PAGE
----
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Cyber Attack Methods: How Code Injection Works

The code injection cyber attack method can be a serious threat to the business. Here's what you need to know about heading off a code injection attack.

Code injection attacks, which are sometimes referred to as remote code execution attacks, can be a serious threat to an organization’s security. Interestingly, however, the phrase “code injection attack” does not refer to a specific attack method. Rather, it is a generic term used to describe an exploit in which attackers exploit poorly written code in a way that allows them to execute their own code. The more you know about this cyber attack method, the better prepared you will be to stave it off in the first place.

Code injection attacks are a cyber attack method commonly directed against programming languages such as PHP or Python. However, the underlying platform is somewhat irrelevant since past attacks have been directed against a wide variety of platforms. Code injection attacks have targeted everything from SQL Server databases to Windows PowerShell.

The exact mechanics of a code injection attack vary widely based on the platform that is being attacked, but code injection attacks typically have one thing in common: They exploit unvalidated input.

Here's a really simple example.

Almost all popular websites allow user-created content. A site might, for example, allow its users to review a product or comment on a video. Site users typically enter their comments into a text box and then click a submit button. Upon doing so, their comment is added to the page.

Early on, Website owners discovered that this seemingly simple process could be exploited. Rather than entering plain text into a comment box, those who had bad intent would sometimes enter HTML code. In many cases, sites would actually evaluate the code, rather than simply displaying the code as plain text. Spammers sometimes used this technique to plaster ads (complete with pictures and large fonts) all over Internet comment boards. Those who had malicious intent would sometimes embed redirects into their code, in hopes of infecting site visitors with malware.

There are two main things that are necessary for a modern-day code injection attack to succeed.

First, there has to be some opportunity for an attacker to enter malicious code. Remember, though, the phrase “code injection attack” is a generic term. As such, there are conceivably any number of ways that an attacker could enter malicious code.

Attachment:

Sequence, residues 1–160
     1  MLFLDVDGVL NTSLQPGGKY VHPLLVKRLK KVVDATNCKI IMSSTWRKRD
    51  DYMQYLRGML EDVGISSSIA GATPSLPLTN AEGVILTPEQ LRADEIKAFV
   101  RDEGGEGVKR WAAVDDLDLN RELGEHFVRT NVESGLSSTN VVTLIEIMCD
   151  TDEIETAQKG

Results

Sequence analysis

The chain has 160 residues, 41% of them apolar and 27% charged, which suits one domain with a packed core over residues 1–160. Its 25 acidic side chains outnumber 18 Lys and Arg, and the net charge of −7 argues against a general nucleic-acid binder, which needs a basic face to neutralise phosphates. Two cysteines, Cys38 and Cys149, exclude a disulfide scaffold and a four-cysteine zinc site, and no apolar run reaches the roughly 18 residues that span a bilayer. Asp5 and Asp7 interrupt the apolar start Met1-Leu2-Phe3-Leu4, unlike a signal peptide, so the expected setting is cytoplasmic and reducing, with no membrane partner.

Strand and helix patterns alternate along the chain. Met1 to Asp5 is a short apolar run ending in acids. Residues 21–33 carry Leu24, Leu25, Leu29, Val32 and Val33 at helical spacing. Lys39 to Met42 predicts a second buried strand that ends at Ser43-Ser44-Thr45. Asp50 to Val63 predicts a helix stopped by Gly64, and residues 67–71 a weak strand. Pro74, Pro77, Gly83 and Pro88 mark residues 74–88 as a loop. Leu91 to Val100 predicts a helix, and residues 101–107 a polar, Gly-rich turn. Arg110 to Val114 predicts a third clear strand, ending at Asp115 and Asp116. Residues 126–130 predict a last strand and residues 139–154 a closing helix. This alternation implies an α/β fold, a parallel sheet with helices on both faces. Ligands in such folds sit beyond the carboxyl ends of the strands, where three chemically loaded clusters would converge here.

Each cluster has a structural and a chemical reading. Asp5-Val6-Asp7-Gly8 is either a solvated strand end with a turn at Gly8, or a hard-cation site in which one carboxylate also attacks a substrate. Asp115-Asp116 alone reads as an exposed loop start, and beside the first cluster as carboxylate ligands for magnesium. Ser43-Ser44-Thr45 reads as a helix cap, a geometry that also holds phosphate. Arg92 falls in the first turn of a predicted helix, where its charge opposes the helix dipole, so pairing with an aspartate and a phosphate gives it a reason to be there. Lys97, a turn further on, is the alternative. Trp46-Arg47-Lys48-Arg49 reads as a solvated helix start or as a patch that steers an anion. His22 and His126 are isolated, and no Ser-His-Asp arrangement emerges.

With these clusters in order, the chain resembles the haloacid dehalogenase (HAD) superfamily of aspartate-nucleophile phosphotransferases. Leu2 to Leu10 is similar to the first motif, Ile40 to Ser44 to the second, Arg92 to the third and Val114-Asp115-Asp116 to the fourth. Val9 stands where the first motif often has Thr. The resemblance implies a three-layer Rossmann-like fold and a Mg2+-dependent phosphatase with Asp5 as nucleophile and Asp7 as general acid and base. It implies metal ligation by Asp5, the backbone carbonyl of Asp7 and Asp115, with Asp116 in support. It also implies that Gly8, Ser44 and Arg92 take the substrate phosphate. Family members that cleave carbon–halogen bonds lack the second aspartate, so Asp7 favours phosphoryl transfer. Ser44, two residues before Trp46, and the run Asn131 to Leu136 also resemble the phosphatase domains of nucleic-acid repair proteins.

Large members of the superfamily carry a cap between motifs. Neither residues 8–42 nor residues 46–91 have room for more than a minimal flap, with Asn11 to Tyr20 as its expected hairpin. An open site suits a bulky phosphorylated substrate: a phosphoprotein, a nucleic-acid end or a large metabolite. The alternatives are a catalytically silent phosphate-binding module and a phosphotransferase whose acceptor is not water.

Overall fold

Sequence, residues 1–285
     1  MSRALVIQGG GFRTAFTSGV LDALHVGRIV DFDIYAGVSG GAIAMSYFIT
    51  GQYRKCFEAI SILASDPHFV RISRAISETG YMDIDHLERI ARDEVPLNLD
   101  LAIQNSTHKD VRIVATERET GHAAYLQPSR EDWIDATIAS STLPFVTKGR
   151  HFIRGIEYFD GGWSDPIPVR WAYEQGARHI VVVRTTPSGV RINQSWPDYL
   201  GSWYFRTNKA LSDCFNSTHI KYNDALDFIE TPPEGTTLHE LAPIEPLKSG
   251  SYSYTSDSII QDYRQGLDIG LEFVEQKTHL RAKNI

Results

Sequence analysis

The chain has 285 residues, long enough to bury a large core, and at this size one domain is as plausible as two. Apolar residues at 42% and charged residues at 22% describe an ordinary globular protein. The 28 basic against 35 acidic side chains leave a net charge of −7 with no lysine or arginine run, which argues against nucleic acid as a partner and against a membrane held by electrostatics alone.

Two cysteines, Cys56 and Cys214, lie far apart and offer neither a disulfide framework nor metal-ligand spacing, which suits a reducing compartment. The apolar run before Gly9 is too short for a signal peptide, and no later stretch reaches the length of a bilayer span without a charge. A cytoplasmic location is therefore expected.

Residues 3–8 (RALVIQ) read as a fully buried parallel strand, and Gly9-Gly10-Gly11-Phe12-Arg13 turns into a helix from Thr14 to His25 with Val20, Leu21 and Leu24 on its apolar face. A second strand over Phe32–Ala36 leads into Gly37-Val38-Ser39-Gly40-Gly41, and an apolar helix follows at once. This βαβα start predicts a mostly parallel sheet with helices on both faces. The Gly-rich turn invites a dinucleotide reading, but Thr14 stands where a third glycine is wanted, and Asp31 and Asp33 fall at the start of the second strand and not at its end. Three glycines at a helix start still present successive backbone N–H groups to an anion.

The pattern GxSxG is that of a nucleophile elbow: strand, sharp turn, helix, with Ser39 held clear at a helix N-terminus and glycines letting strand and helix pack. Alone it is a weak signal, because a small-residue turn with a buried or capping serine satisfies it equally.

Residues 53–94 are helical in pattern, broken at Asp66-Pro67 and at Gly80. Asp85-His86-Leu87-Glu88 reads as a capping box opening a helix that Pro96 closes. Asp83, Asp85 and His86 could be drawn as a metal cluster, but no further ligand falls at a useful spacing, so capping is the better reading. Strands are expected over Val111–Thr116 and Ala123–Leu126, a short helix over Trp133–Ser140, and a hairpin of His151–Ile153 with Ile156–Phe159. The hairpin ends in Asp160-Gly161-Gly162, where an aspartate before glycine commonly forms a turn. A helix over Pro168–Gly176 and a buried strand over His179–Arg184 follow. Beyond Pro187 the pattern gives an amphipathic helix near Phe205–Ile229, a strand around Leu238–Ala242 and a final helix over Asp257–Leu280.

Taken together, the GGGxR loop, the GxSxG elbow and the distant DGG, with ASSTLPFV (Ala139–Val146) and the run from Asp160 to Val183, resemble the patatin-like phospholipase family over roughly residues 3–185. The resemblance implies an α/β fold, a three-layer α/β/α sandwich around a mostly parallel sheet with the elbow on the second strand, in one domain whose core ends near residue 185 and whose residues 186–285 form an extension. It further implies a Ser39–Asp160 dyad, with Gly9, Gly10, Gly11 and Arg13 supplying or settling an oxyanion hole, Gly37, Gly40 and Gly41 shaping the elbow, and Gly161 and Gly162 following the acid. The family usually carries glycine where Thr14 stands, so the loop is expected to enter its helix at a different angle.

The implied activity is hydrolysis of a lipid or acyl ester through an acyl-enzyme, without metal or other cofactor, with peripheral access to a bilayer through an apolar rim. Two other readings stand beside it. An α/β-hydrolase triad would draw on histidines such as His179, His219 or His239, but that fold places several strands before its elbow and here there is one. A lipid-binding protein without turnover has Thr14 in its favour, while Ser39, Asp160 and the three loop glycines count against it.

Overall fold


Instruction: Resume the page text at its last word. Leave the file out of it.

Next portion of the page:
Code injection attacks commonly target text entry fields within applications. An attacker might, for instance, try to enter commands into a field that asks for a piece of information such as a user’s name or address. Comment fields are also a favorite potential target.

A browser’s address bar is another popular target. Many websites append page-specific parameters to the end of a URL. Since these parameters are in plain view, an attacker may try to exploit them as a means for gaining access to the site’s backend resources.

The second thing that an attacker needs to make a code injection attack work is a means of executing the instructions that they enter into the target website, script or application. There really isn’t much that attackers can do to force their code to be executed, so they generally rely on persistence and a bit of luck. Attackers might, for instance, enter the same command into dozens of different form fields, in hopes that one of those fields will have been constructed in a way that causes the instruction to be executed.

There are three main things that application developers must do to keep their applications from being exploited by a code injection attack. First, input validation is an absolute must. Put rules in place that will limit what can be entered into a field. If a field is asking a user to enter his or her name, for example, then you might limit the number of characters that can be entered and prohibit the use of numbers and special symbols. These steps will go a long way toward preventing code injection attacks.

Second, avoid including any instructions that could cause user input to be executed. In the case of a PowerShell script, for instance, you might want to avoid using the Invoke-Expression cmdlet. In the case of PHP code, you should avoid using eval().

And, lastly, thoroughly test your applications (including any subsequent patches). Try entering benign commands into text fields to ensure that the application is properly handling the input.

 

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